Alzheimer’s disease: Ablating single master site abolishes tau hyperphosphorylation
Cite this dataset
Stefanoska, Kristie et al. (2022). Alzheimer’s disease: Ablating single master site abolishes tau hyperphosphorylation [Dataset]. Dryad. https://doi.org/10.5061/dryad.bvq83bkc0
Hyperphosphorylation of the neuronal tau protein is a hallmark of neurodegenerative tauopathies such as Alzheimer’s disease. A central unanswered question is why tau becomes progressively hyperphosphorylated. Here, we show that tau phosphorylation is governed by interdependence— a mechanistic link between initial site-specific and subsequent multi-site phosphorylation. Systematic assessment of site interdependence identified distinct residues (threonine-50, threonine-69, and threonine-181) as master sites that determine propagation of phosphorylation at multiple epitopes. CRISPR point mutation and expression of human tau in Alzheimer’s mice showed that site interdependence governs physiologic and amyloid-associated multi-site phosphorylation and cognitive deficits, respectively. Combined targeting of master sites and p38α, the most central tau kinase linked to interdependence, synergistically ablated hyperphosphorylation. In summary, our work delineates how complex tau phosphorylation arises to inform therapeutic and biomarker design for tauopathies.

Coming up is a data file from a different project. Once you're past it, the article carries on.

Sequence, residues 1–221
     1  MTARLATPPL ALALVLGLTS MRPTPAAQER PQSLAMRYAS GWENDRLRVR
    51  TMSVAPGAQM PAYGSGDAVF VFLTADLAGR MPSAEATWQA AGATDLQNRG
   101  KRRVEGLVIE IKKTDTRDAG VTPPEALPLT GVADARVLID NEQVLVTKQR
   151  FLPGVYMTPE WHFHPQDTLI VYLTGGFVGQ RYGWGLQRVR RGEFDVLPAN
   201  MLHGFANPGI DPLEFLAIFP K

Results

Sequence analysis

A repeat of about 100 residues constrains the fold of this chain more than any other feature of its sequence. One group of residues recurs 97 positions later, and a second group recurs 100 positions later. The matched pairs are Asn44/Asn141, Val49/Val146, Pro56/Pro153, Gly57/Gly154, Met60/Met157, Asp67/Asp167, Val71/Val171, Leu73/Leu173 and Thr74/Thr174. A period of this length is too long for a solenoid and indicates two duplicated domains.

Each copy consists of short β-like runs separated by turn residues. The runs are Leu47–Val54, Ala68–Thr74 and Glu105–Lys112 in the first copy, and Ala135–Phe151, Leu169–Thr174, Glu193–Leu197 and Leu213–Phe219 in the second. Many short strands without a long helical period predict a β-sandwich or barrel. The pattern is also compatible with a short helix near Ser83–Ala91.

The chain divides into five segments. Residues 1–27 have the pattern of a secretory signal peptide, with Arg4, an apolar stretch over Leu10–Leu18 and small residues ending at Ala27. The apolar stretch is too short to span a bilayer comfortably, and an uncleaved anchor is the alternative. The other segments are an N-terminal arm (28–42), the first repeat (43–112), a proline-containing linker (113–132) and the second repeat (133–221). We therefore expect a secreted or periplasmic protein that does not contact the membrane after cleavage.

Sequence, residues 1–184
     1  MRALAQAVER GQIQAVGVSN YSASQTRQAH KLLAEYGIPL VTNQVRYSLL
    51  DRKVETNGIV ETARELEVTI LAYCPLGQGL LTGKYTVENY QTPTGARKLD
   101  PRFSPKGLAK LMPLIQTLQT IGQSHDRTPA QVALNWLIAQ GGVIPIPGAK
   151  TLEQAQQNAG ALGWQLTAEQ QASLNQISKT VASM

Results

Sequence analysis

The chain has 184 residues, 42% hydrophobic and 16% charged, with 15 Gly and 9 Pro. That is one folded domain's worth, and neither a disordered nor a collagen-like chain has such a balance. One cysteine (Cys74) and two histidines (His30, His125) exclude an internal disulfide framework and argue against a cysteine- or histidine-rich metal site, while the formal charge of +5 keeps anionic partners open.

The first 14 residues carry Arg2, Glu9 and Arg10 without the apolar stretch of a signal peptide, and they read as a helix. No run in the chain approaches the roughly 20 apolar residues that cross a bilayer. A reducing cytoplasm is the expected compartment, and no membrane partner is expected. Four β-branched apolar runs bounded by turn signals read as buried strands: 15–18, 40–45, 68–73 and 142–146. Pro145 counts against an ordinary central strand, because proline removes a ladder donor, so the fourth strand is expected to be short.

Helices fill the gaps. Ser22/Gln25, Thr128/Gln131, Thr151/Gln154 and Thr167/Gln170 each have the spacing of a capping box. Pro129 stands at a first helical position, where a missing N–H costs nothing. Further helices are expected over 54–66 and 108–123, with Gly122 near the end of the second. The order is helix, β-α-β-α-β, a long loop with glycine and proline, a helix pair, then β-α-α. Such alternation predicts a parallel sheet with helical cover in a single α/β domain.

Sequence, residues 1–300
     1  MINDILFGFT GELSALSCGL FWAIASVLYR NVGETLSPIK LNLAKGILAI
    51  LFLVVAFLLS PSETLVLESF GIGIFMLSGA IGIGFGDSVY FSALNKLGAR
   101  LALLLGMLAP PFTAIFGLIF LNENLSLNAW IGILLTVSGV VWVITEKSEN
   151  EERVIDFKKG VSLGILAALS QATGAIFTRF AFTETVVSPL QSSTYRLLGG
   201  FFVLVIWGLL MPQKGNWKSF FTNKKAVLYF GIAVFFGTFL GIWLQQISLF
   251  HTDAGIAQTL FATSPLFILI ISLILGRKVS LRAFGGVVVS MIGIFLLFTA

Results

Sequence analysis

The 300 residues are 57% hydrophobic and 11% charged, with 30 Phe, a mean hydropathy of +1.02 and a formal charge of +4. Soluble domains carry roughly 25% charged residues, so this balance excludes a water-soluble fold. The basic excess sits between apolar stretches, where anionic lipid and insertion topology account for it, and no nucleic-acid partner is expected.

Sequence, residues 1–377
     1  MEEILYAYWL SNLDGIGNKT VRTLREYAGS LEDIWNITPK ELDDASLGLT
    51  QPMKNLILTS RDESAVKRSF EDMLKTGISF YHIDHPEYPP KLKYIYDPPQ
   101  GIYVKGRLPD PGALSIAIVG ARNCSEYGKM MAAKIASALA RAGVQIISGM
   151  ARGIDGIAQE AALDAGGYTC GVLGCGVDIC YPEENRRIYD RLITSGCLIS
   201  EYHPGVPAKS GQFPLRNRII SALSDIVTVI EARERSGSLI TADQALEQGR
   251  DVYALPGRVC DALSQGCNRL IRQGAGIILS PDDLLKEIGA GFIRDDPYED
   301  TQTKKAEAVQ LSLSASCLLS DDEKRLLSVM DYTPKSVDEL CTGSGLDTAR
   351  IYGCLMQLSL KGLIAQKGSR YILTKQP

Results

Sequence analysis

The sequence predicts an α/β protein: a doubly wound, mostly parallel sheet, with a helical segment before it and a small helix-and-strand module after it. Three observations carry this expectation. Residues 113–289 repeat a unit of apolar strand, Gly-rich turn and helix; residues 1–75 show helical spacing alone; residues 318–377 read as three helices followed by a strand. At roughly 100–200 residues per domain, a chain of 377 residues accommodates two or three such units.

Raw Immunoblot data for Figure 1. Chemiluninescence signals were imaged on a ChemiDoc MP (Biorad) digital system.
Alzheimer's Australia Dementia Research Foundation
National Health and Medical Research Council, Award: 1143978
National Health and Medical Research Council, Award: 1176628
Australian Research Council, Award: DP170100843
Australian Research Council, Award: DP200102396
Australian Research Council, Award: DP220101900
BrightFocus Foundation, Award: A2022022F